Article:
Chamber of Commerce finds its voice

After fumbling the ball during the HST debacle and remaining virtually silent during the Enbridge pipeline debate, the B.C. business community is showing signs it intends to be more organized and vocal when it comes to other controversial economic developments.

Last week, the B.C. Chamber of Commerce organized an event aimed at sending Ottawa the message that the proposed New Prosperity Mine near Williams Lake has considerable support in the province, despite the fact it has failed two federal environmental assessment processes.

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And now various business groups are gearing up to make their presence known in the hearings for the Site C dam project on the Peace River.

The B.C. Chamber of Commerce, the B.C. Business Council and even the New Car Dealers of B.C. all intend to send representatives to Fort. St. John to make submissions in favour of building the dam.

This kind of effort from a constituency that is well funded, but not necessarily well organized may prove pivotal in determining whether some of these megaprojects go ahead.

In some ways, the business community has stolen a page out of the environmental movement's playbook. One business leader told me the environmentalists essentially took over any public debate about the Enbridge pipeline right from the start, and were so effective in their anti-pipeline messaging that there was little the pro-pipeline interests could do to counter things.

Lately, Enbridge has done a better job of articulating its position and a couple of recent polls indicate opposition to the project has diminished considerably.

But it's also fair to say the company has a long ways to go in winning over a majority of the population on this sensitive issue.

However, the prodevelopment lobby appears determined not to make the same mistake twice, whether it concerns Site C, the New Prosperity Mine or presumably the Kinder Morgan pipeline proposal.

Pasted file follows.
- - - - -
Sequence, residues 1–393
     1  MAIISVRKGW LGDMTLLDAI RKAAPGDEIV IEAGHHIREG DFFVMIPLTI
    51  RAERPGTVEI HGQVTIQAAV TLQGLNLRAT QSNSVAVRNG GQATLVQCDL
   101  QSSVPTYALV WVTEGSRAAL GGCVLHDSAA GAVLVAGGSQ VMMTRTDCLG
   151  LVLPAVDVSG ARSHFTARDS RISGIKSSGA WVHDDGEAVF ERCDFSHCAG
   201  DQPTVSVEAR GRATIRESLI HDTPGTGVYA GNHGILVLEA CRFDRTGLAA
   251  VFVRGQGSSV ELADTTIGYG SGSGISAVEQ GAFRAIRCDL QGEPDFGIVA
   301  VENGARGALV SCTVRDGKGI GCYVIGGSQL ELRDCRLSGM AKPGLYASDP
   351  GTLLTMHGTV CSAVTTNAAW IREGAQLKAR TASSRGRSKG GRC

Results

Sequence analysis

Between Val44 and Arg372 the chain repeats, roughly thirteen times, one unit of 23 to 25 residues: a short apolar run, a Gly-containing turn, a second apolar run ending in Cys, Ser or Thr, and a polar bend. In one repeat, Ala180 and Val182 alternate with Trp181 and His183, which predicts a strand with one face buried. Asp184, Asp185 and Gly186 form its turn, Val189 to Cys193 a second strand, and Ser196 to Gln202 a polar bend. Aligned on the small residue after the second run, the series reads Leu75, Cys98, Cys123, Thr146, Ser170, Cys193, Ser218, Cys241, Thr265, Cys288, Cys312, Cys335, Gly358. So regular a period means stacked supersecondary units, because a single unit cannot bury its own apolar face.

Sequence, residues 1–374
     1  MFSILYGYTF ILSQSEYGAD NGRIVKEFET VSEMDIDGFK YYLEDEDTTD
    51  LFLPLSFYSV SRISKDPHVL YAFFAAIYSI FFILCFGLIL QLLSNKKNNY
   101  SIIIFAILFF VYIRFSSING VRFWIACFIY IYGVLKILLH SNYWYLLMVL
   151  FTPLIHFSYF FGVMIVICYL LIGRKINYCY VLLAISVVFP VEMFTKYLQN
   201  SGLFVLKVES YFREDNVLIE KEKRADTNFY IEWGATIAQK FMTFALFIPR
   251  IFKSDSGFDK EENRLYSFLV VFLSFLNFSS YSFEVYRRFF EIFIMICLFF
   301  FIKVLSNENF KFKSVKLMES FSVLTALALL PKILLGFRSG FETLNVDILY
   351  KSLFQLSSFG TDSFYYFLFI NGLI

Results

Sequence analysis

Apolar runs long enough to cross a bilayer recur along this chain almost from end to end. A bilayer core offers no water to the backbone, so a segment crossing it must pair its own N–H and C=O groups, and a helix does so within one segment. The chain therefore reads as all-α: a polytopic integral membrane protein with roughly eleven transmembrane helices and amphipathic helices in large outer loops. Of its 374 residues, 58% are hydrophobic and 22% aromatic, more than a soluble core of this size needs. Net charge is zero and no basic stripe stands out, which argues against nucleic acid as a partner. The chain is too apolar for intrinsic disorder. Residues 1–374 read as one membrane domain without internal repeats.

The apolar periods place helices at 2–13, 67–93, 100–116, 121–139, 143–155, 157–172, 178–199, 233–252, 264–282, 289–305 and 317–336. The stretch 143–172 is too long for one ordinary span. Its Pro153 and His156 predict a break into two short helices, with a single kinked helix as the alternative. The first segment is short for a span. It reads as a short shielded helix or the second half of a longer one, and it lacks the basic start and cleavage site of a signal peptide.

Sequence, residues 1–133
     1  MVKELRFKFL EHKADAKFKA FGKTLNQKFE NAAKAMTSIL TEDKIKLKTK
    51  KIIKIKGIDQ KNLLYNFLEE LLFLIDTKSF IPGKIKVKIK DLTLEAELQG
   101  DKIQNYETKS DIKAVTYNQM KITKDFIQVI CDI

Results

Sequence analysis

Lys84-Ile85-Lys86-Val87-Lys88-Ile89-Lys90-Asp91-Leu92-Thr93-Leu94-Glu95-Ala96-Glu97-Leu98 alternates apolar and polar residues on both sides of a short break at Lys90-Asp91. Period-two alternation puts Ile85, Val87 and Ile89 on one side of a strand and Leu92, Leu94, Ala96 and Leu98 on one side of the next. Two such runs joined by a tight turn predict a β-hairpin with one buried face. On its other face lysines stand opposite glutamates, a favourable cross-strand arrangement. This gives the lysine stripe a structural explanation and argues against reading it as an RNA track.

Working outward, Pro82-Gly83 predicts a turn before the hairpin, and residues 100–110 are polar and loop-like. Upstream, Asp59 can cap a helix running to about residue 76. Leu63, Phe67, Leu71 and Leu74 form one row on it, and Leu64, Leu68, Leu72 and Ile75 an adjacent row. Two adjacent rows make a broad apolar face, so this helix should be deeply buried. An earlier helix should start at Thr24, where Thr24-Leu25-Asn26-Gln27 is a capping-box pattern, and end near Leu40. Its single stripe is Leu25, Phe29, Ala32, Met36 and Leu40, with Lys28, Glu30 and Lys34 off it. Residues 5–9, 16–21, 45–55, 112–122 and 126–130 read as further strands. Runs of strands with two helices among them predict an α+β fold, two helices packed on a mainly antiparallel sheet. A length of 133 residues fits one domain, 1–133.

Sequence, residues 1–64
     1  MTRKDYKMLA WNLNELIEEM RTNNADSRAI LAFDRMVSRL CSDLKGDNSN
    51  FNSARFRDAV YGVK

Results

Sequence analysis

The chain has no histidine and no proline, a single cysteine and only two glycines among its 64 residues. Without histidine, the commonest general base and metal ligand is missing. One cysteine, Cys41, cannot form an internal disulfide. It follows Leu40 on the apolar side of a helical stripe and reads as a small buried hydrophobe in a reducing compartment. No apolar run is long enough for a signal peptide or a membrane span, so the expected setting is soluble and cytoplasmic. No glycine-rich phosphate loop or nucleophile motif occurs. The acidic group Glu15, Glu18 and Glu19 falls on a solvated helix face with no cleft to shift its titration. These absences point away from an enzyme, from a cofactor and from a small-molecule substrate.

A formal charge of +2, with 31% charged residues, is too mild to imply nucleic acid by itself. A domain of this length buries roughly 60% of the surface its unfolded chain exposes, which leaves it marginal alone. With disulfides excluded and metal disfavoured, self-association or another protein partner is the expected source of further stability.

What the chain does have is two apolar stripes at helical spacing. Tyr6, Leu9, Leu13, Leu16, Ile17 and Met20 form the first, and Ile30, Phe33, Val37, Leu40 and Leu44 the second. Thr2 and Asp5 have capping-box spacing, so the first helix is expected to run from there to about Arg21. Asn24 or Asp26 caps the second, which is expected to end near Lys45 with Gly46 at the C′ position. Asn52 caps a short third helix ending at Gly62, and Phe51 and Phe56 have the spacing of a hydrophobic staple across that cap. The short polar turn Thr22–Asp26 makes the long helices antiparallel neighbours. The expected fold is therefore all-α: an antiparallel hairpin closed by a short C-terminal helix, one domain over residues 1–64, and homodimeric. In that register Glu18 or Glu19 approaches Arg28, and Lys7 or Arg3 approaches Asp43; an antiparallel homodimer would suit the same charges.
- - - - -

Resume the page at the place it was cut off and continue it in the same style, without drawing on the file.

Adopting a more proactive approach may make the public debate over those projects more even, and therefore may make them more politically palatable for both the provincial and federal governments.

The B.C. government has already signaled it is in favour of the Site C dam and the New Prosperity mine, and a more aggressive and organized campaign by business interests may nudge it closer to favouring the Kinder Morgan pipeline.

In the last provincial election campaign, B.C. Liberal leader Christy Clark was cautioned by her advisers not to wade into the Kinder Morgan issue after NDP leader Adrian Dix made his now infamous gaffe of opposing the projects.

But her political instincts told her the issue was a good one for her and her party, because it exposed a neat fault line between the B.C. Liberals and the NDP.

The rest, of course, is history.

Clark has clearly aligned her government with megaprojects that produce jobs, no matter how controversial they may be.

She realizes her base of supporters agree with her, and an organized campaign by the business community will only strengthen her resolve in these matters.

Keith Baldrey is chief political reporter for Global BC.

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